Should the core metric you defined when you started building the product be the same 1, 3 or 10 years into its lifetime? On one hand, your product might change in the early phases, but its core purpose is probably going to remain consistent. And your users are still those same people who are attracted to that core value.
Or are you asking for trouble when you cling onto your early metrics for too long? Spoiler: it’s asking for trouble.
Tracking the same metrics indefinitely is a problem because it leads to missed opportunities for growth. As your product grows and your user base becomes more savvy, you have to dive deeper into the data and adjust your core metrics over time — it’s your best chance to learn more about users and build the best product.
Just because you started out tracking one specific metric, doesn’t mean you can’t eventually branch out to include others. Your customers’ preferences are going to evolve so it only makes sense that your metrics evolve to keep pace. Here’s how to manage the shift.
The lifecycle of core metrics explained
When it comes to tracking SaaS core metrics, what you track depends on where you are in the product lifecycle. Not only do sales increase over time but so does the user base and its corresponding data. There’s no way a startup can track the same metrics as a mature company. Based on the graph below, they’re in very different places. “Premature scaling,” defined as placing too much focus on one aspect—or metric—of the business without balancing anything else, is the number one reason why most startups fail. Source
The metrics you track need to line up with your location in the lifecycle. Startups don’t have access to reams of data so they have to start simple and track what they have — like the number of daily signups. As their user base grows and more data becomes available, metrics naturally shift to look at more specific information like user activity levels and user behaviors.
Metrics shift over time depending on the product lifecycle
The metrics you use depend on where you are in your product’s lifecycle. As your database grows, start with basic metrics and progress to more complex ones over time. You’ll gradually need to dive deeper as your data becomes deeper and wider to understand your users. You have to have the “right” data available to make complex metrics meaningful.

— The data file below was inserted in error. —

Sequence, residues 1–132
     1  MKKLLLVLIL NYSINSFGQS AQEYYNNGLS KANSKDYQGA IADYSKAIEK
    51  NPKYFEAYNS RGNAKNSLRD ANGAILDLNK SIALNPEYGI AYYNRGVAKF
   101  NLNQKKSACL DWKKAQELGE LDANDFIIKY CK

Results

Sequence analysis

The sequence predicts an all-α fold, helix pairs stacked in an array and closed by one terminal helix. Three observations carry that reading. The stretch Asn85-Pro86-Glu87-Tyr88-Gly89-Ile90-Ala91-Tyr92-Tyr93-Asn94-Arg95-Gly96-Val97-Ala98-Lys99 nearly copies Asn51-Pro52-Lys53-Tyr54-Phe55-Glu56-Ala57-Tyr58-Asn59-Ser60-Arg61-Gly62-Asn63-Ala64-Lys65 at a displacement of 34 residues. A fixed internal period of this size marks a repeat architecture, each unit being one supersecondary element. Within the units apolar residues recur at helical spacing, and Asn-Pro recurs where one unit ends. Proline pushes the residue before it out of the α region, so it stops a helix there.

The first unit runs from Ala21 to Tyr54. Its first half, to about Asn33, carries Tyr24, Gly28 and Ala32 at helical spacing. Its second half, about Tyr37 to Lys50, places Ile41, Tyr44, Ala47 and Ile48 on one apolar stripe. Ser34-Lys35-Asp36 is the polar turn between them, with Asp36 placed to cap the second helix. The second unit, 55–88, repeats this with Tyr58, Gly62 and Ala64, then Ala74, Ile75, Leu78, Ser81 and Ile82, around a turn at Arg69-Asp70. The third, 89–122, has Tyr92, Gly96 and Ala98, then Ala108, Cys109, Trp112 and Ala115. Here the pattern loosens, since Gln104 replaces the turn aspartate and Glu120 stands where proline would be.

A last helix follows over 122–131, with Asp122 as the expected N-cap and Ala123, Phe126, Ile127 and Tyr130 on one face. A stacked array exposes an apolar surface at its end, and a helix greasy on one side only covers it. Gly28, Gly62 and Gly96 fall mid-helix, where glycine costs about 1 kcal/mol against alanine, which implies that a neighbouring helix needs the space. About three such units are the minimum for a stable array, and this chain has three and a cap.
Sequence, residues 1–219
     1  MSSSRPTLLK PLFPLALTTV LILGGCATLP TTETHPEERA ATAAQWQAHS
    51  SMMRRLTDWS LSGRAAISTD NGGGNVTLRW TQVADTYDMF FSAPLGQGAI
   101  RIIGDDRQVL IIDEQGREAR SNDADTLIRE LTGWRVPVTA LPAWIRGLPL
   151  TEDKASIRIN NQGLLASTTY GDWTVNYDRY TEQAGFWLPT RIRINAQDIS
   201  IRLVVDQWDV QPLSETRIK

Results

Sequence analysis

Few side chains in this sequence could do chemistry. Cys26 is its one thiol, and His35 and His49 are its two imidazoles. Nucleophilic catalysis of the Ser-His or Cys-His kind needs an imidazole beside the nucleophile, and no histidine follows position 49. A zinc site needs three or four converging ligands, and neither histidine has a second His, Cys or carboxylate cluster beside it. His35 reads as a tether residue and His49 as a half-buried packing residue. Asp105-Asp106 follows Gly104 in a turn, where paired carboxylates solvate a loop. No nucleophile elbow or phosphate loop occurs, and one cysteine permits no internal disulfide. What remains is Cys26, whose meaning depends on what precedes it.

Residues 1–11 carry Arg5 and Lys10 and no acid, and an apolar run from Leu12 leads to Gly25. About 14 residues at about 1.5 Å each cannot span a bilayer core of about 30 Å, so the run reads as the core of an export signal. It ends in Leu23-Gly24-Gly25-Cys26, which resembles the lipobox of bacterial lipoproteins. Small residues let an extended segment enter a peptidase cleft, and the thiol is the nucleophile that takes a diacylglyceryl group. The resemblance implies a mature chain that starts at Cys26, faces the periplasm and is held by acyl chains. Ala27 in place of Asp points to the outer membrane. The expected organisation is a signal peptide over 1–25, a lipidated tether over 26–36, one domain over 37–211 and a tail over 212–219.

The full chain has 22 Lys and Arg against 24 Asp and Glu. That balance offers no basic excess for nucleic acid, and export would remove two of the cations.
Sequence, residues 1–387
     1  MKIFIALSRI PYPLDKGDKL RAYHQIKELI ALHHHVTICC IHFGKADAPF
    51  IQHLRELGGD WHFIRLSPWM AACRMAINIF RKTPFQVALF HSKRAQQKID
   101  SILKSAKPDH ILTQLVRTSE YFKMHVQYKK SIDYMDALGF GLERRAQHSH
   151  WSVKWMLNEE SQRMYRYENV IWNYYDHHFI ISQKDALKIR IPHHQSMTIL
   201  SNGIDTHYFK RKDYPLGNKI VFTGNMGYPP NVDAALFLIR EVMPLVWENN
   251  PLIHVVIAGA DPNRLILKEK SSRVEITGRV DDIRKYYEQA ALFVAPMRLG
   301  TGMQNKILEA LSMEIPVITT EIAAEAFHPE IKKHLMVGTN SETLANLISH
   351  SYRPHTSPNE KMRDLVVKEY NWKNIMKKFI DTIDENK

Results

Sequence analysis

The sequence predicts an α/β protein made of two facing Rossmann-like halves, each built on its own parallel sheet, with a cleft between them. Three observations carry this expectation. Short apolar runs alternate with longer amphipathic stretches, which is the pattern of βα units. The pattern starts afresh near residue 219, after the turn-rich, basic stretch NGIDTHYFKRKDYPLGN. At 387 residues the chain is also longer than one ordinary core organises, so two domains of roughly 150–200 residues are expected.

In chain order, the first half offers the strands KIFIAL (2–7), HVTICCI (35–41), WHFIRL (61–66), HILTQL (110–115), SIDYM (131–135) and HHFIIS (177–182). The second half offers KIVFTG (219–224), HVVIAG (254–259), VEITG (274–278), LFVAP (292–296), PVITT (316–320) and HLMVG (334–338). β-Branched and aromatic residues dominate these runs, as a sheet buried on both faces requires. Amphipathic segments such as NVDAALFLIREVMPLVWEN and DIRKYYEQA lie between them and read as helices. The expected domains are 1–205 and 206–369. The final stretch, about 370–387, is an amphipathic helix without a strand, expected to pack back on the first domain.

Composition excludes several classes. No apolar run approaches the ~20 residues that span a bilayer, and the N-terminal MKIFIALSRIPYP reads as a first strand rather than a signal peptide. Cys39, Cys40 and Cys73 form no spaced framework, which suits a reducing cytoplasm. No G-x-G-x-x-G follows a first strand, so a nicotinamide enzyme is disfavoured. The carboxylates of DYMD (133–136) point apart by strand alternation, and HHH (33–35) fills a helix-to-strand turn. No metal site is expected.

Introduction or startup phase
Once you’ve figured out product/market fit, your main focus is getting your product out in front of your target audience. In this phase, your role involves learning and listening to early user feedback. The main metric startups are equipped to track at this point is conversion rate. How many users who visited your site or downloaded your app ended up signing up or making a purchase? There won’t be a lot of data yet since you’re still refining your messaging and people are just discovering you.
But you can use what you have to get a sense of the types of users you’re attracting. Are they the target audience you’re after? Does early feedback confirm you’re effectively solving their problems? In addition to conversion rates, you can begin to pin down demographic user data. Use this time to learn about your users. For instance, where are they located and what are their demographics? User demographics will allow you to segment users and run experiments or beta test later on.
All of this information forms the base you’ll need to grow and will feed into higher levels of data analysis. In these early days, startups should track everything they can because chances are it’ll come in handy at some point.
Some companies are privileged to enjoy viral growth at this stage in the product lifecycle while others experience slower but steady growth. Either way, this phase is where you start to see profits as your product gains more upward momentum and user awareness. However, this is also the most difficult phase because it’ll make or break your product. Competitors are attracted to the market so unless you have a standout product, it won’t survive this stage.
Related reading: Why Going Viral is Overrated